Let’s be honest: You deserve a raise. What next? You’ve rehearsed your elevator pitch a thousand times. You’ve conquered your fear of asking your boss for that fateful meeting. You’re finally ready. But is now the right time?
There is plenty of great advice out there on how to ask for a raise. As an HR professional, however, I see too many employees who don’t take when to ask for a raise into consideration. By getting the timing right, your request is much more likely to be granted. Read on for answers to frequently asked questions regarding the best and worst times to ask for a raise. (Plus, why negotiating your salary with a new company is a must!)
How soon after starting a new job can I ask for a raise?
How many times have you thought, “This wasn’t in the job description?” Within the first few months, people often discover that what they signed up for isn’t exactly what they’re doing. The scope of your role may have expanded or deepened. You may be taking on work you’d rather not do, but you’re doing it anyway. It only seems fair to get a raise so your salary reflects your work, right? Not exactly.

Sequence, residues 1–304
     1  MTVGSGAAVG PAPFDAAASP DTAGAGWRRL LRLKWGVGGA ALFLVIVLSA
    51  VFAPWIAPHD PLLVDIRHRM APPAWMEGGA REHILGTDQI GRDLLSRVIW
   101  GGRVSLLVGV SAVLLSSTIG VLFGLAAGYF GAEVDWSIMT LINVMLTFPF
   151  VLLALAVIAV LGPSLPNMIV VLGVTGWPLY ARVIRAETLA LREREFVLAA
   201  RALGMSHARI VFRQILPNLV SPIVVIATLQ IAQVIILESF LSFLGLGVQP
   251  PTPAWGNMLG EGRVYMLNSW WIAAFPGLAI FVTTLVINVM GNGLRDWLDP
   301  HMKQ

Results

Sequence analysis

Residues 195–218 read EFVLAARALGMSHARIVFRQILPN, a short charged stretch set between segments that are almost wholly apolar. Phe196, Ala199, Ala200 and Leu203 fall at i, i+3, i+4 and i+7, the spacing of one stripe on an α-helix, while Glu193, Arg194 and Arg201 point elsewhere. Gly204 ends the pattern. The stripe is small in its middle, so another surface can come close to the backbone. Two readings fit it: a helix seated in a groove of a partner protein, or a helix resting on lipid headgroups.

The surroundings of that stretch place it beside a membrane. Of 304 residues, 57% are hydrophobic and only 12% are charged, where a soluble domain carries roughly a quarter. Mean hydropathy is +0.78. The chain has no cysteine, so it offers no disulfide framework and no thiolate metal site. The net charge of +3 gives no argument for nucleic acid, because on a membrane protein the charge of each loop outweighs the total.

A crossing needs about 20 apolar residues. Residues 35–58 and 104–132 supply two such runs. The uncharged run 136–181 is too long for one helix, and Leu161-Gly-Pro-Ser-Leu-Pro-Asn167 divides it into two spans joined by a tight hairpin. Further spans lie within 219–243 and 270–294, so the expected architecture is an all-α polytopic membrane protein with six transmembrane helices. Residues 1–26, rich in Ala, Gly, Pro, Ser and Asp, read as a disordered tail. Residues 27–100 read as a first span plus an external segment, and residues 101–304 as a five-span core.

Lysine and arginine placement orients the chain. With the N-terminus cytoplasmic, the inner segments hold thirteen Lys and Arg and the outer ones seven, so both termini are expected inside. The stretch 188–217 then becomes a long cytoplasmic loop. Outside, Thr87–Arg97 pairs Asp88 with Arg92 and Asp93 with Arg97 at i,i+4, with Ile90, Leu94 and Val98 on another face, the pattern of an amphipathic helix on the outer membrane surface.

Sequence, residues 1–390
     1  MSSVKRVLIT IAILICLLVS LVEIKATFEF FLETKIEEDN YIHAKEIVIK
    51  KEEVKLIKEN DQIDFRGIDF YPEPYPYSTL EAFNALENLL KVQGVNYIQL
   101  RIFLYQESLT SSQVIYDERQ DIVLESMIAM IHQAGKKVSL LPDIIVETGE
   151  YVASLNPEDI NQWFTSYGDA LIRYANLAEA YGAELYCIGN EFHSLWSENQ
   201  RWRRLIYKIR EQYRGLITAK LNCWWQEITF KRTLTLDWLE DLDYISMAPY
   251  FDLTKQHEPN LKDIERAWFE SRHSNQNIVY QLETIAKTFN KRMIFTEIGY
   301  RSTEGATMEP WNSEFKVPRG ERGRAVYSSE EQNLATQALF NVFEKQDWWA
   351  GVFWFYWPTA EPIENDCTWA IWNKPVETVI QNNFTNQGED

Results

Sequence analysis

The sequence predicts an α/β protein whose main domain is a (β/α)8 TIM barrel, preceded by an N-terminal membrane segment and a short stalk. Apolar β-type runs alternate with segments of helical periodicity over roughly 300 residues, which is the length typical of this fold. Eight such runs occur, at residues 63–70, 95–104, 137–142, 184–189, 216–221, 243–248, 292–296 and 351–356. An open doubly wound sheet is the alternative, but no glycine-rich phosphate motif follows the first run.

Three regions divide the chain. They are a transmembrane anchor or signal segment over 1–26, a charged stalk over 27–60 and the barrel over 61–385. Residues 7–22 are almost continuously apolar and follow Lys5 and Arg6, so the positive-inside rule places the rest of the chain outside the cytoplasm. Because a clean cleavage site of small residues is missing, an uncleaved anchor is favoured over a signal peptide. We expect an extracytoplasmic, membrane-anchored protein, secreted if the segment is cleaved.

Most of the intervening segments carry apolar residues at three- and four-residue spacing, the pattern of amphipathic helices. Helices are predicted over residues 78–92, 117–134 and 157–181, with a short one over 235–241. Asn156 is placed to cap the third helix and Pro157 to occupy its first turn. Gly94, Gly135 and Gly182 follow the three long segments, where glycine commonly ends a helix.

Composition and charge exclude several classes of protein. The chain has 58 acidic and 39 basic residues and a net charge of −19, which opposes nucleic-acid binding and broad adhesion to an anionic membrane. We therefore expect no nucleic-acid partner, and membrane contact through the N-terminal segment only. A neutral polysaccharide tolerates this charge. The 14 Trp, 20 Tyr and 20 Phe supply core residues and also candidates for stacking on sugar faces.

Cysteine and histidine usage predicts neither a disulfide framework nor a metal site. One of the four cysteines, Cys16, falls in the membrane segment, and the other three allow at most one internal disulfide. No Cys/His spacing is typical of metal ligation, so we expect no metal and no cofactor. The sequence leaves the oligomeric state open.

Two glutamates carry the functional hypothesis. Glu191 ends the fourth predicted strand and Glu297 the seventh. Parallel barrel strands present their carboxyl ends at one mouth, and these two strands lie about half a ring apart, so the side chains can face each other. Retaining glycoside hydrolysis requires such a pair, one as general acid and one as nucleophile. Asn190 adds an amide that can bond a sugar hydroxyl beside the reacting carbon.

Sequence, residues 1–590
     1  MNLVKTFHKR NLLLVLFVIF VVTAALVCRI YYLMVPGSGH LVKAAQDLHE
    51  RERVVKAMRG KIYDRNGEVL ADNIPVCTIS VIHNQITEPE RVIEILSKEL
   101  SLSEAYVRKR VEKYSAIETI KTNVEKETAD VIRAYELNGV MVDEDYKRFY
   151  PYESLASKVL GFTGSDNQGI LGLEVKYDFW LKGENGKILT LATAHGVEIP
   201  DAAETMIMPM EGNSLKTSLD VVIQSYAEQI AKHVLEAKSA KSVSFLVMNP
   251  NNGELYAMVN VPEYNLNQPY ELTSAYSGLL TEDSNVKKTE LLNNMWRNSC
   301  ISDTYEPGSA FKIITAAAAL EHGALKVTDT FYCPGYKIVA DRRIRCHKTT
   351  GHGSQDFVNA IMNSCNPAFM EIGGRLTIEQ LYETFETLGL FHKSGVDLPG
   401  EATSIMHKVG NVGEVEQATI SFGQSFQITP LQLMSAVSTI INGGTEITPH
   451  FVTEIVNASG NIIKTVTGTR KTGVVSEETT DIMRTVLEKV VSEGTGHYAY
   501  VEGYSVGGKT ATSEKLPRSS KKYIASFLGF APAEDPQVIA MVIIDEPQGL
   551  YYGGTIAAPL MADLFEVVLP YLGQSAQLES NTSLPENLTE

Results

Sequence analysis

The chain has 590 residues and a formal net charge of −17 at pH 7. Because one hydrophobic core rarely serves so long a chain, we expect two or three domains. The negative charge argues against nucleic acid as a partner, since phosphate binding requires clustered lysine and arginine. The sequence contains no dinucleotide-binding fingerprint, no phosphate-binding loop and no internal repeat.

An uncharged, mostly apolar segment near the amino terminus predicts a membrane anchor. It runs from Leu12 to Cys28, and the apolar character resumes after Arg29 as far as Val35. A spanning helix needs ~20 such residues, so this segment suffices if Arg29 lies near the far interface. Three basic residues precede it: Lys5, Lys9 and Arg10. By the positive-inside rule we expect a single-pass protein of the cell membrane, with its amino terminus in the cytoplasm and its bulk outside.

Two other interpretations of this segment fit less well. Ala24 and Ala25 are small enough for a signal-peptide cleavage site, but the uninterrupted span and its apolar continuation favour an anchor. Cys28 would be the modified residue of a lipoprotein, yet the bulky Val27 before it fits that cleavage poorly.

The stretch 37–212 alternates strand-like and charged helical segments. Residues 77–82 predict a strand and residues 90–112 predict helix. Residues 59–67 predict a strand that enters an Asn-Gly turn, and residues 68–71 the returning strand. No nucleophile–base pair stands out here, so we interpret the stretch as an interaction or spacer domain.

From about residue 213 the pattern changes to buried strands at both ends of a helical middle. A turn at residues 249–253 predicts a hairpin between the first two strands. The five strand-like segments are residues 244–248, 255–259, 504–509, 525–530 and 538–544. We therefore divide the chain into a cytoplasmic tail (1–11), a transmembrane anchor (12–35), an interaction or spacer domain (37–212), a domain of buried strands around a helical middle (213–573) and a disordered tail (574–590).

Whether you work at a startup or an established corporation, today’s companies have to evolve rapidly to stay ahead. With that, employees are increasingly required to evolve with the company. The extra work you’re doing now is certainly evidence that you deserve higher compensation. Nonetheless, you should not ask for a raise in the first three months on a job.
Can I ask for a raise if my workload has increased?
While companies expect employees to work hard and evolve quickly, they also have to hold up their end of the relationship. Perhaps you’ve taken over projects from a coworker who left or stepped into a management role. If you’ve taken on much more work than you initially signed up for, you deserve to be compensated for your increased workload. However, timing for this is delicate.
Let’s play out a scenario: You’re in a one-on-one with your manager when they inform you they’d like you to manage a few colleagues because you’re doing such a good job. Great! Or is it? Becoming a manager means that in addition to getting your own work done, you’ll also have to spend time making sure your direct reports successfully complete their work. If you accept the added responsibility, you should prove to your manager that you can handle it, as well as prove to yourself that you want it, before asking for a raise.